I have always believed that our behaviors and habits show what we really think.
The real communication with your surrounding takes place not with what you say, but with what you do. With your behaviors and habits.
The question is if you are aware of the message you spread and if it is the right message.
That’s what Marshall Goldsmith’s book “What Got You Here Won’t Get You There” is about.
Although rooted in the professional context, it is full of great observations and actionable insights regarding habits in general. I will share with you just a sample of them.
What bad habits can really mean to you
Wherever you are with your success, you probably can attribute it to what you did in the past or you do in the present. The question here is if what you do (your habits) are really supporting you or not. Marshall Goldsmith puts it this way: did you succeed because of your habits or despite of them?
You might actually attribute your success wrongly to behaviors that do not really help you. Which means that if you modified those habits, you could be even more successful.
See yourself against the list.
There are two problems here. One is that we might be not aware of them. Two is that we often interpret our behaviors in a different (more positive) way than other people exposed to them do.
The idea here is to be aware of what we do and to which degree it supports us.
My bad habits Marshall Goldsmith helped me identify
I always work actively with what I study. So I decided to see myself against the list. Here are three bad habits that I identified in myself.
- Making destructive comments (#4) My sarcasm can kill any great and enthusiastic idea. Somewhere there, internally, I can even be proud of it.
- Speaking when angry (#7) When I am angry, what I want to tell seems to be the most important thing in the universe. Well, it is not.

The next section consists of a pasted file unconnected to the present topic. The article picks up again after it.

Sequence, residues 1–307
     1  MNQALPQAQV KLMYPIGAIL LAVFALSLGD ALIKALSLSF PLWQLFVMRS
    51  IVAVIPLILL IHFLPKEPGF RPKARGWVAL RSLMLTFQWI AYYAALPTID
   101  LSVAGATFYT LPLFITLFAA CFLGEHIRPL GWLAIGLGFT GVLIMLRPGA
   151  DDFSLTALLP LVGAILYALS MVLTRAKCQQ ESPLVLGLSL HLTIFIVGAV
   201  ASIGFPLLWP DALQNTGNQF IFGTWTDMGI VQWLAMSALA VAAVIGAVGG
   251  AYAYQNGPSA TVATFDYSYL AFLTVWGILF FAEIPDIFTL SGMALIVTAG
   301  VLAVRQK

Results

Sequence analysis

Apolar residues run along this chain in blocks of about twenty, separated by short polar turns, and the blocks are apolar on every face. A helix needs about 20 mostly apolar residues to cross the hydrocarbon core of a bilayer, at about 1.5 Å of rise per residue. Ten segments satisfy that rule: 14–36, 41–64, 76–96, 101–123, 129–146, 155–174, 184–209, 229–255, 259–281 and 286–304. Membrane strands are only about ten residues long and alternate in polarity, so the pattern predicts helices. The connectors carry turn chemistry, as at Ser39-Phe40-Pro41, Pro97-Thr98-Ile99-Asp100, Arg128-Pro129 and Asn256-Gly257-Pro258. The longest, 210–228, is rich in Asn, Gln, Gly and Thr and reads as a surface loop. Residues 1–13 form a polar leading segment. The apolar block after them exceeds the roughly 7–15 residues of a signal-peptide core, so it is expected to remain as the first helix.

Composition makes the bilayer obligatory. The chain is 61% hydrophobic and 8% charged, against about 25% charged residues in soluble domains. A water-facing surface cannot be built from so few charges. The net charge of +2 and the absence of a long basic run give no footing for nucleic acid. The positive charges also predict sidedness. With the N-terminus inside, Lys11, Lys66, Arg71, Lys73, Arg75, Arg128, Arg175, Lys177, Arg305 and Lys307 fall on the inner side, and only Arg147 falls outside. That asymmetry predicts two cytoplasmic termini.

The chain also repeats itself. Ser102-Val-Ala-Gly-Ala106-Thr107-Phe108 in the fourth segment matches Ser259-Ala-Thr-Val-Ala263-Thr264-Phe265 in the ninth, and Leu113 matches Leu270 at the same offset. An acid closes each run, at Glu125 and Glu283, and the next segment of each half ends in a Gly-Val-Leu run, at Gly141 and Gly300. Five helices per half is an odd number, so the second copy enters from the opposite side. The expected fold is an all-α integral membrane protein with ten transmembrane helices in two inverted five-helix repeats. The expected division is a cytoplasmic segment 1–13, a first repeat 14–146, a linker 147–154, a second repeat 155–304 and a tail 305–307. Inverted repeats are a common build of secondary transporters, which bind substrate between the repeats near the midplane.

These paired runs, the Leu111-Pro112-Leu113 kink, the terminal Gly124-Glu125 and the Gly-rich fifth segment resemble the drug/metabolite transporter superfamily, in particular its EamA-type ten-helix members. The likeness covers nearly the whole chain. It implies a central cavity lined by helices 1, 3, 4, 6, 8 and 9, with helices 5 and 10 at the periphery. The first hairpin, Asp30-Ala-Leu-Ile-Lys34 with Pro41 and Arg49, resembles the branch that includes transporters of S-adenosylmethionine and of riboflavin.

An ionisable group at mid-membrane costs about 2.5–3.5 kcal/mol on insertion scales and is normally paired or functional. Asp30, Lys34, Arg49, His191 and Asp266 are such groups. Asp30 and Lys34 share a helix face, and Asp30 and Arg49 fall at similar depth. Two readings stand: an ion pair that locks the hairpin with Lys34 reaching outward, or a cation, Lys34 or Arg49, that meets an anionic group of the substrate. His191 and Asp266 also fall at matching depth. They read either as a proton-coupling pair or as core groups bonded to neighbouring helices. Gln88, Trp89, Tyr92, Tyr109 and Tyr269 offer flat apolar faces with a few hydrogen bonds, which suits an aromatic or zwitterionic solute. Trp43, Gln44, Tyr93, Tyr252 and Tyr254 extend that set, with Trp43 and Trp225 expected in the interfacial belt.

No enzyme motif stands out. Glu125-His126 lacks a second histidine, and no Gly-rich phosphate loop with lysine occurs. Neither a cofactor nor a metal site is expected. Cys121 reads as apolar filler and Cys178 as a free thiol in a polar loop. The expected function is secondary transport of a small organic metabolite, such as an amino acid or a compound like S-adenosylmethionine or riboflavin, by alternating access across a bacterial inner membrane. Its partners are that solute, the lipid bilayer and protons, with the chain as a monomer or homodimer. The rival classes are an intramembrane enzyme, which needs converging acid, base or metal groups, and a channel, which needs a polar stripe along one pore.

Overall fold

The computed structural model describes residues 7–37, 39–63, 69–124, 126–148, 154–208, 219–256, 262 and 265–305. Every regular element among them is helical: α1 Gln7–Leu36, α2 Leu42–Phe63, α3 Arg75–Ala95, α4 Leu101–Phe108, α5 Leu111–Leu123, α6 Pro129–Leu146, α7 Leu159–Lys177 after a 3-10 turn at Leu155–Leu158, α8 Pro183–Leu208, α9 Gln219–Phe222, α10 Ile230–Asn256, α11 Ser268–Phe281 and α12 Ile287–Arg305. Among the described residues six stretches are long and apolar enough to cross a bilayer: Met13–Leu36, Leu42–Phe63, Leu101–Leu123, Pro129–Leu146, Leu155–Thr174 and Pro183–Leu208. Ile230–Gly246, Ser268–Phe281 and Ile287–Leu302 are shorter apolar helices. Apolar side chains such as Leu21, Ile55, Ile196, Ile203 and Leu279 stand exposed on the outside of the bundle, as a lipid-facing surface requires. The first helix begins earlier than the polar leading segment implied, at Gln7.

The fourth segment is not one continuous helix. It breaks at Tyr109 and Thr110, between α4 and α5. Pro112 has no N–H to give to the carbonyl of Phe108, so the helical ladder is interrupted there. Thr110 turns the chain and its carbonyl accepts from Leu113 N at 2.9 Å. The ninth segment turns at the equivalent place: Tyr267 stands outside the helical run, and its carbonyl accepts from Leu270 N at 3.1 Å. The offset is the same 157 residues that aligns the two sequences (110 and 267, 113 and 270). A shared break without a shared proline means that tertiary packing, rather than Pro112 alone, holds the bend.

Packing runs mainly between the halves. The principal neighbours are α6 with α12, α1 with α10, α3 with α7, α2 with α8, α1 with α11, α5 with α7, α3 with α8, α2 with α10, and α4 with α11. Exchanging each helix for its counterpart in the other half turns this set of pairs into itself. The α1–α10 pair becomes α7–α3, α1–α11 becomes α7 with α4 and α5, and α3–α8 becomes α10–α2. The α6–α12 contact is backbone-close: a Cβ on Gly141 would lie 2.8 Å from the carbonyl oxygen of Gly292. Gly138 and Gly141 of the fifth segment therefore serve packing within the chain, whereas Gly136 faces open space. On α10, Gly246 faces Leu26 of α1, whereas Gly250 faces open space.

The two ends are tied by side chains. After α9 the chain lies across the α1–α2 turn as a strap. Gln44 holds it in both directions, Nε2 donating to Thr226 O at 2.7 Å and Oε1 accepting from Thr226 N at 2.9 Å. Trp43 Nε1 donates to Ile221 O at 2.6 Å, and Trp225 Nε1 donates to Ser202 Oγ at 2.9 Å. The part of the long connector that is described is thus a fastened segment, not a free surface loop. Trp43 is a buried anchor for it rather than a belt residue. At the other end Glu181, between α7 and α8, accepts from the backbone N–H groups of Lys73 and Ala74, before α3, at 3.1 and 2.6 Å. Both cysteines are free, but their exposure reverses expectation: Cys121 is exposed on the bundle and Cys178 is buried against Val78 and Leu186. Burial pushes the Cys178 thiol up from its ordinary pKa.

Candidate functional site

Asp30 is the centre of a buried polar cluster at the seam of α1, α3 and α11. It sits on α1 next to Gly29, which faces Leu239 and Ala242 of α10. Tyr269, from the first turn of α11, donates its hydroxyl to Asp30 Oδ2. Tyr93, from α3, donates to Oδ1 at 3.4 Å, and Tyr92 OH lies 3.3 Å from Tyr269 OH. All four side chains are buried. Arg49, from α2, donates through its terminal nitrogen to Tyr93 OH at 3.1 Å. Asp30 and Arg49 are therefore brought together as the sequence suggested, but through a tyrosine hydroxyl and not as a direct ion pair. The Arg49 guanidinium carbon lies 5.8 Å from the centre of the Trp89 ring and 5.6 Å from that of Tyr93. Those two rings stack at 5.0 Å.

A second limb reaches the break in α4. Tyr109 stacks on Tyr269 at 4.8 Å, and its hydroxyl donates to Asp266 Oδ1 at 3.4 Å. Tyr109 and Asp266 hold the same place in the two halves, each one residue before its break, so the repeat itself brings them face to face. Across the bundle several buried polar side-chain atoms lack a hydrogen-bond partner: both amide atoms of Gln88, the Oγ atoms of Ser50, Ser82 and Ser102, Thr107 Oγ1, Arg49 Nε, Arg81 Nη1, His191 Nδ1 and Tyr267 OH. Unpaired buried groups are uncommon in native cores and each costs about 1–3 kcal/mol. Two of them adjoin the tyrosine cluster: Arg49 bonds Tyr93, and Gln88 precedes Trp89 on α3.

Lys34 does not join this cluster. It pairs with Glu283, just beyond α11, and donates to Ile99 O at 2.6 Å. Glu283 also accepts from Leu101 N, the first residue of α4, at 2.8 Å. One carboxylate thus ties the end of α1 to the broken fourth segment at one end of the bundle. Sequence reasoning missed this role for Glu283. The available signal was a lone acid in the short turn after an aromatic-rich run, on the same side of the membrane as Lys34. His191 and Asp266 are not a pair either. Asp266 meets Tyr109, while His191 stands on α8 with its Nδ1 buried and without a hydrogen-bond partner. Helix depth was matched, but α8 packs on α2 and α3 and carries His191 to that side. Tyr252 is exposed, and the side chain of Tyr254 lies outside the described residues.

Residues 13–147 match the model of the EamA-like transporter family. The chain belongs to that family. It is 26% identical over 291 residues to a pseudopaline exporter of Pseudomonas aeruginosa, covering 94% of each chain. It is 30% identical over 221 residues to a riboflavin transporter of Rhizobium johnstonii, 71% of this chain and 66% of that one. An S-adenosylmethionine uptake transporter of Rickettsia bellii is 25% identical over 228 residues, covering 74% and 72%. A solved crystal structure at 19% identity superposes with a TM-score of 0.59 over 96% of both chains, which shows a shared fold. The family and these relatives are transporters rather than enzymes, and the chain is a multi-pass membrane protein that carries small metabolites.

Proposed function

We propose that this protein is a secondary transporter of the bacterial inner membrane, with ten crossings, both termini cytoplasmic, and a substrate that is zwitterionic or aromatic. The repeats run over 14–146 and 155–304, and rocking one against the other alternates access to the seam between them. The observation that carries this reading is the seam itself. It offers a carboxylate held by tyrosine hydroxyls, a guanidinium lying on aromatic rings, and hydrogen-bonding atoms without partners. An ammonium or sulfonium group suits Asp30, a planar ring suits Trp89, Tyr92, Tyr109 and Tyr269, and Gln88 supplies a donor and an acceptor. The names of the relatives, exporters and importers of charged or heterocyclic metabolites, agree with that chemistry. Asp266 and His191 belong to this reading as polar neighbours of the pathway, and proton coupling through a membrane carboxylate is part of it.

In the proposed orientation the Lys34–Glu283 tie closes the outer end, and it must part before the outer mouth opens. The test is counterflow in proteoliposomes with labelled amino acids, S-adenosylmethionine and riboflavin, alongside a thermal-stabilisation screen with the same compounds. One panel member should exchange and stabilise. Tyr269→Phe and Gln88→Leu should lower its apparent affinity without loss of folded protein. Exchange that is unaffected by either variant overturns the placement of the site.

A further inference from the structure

- Failing to express gratitude (#17) Even when I feel thankful to someone and tell it myself, I still can refrain from expressing it clearly by saying “Thank you”. I have no idea why.
It’s not that I was not aware of them before, but now I know it’s time to deal with them once and forever. Using Marshall Goldsmith’s advice, of course.
Here are three concepts that Marshall Goldsmith writes about and I believe will help:
Feedback and Feedforward
If you want to change (your habits), feedback will show you where you are. But what is more important, feedforward will show you where to go. I love the key question here: How can I do better? As a boss, as a team member, as a partner, as a parent.
I believe the words “thank you” appear most often in the book. As you can see how they operate in various contexts, you understand their power and you permeate with them. They are a physical manifestation of your humility in asking for help and your gratitude for receiving it from others. Even if sometimes you might not deserve it.
People don’t get better without a follow-up. If you decide to change, that’s just the beginning of your journey. It’s only with persistent follow-up that you can modify your habits so that they serve you better.
As habits are one of four keys to the Life Puzzle, I believe it is vital to understand how they work. And it’s even more important to understand how you can develop them in the right direction. So that they serve you to be, do and have more of what you want in life.
Good habits 🙂
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